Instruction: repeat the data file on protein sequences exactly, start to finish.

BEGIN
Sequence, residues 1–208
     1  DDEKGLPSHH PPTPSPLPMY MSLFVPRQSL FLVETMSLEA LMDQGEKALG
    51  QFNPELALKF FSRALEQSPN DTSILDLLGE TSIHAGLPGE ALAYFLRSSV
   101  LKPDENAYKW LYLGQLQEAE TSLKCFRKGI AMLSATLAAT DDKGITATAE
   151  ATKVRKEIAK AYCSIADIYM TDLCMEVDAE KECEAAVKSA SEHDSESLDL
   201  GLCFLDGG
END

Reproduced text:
Sequence, residues 1–208
     1  DDEKGLPSHH PPTPSPLPMY MSLFVPRQSL FLVETMSLEA LMDQGEKALG
    51  QFNPELALKF FSRALEQSPN DTSILDLLGE TSIHAGLPGE ALAYFLRSSV
   101  LKPDENAYKW LYLGQLQEAE TSLKCFRKGI AMLSATLAAT DDKGITATAE
   151  ATKVRKEIAK AYCSIADIYM TDLCMEVDAE KECEAAVKSA SEHDSESLDL
   201  GLCFLDGG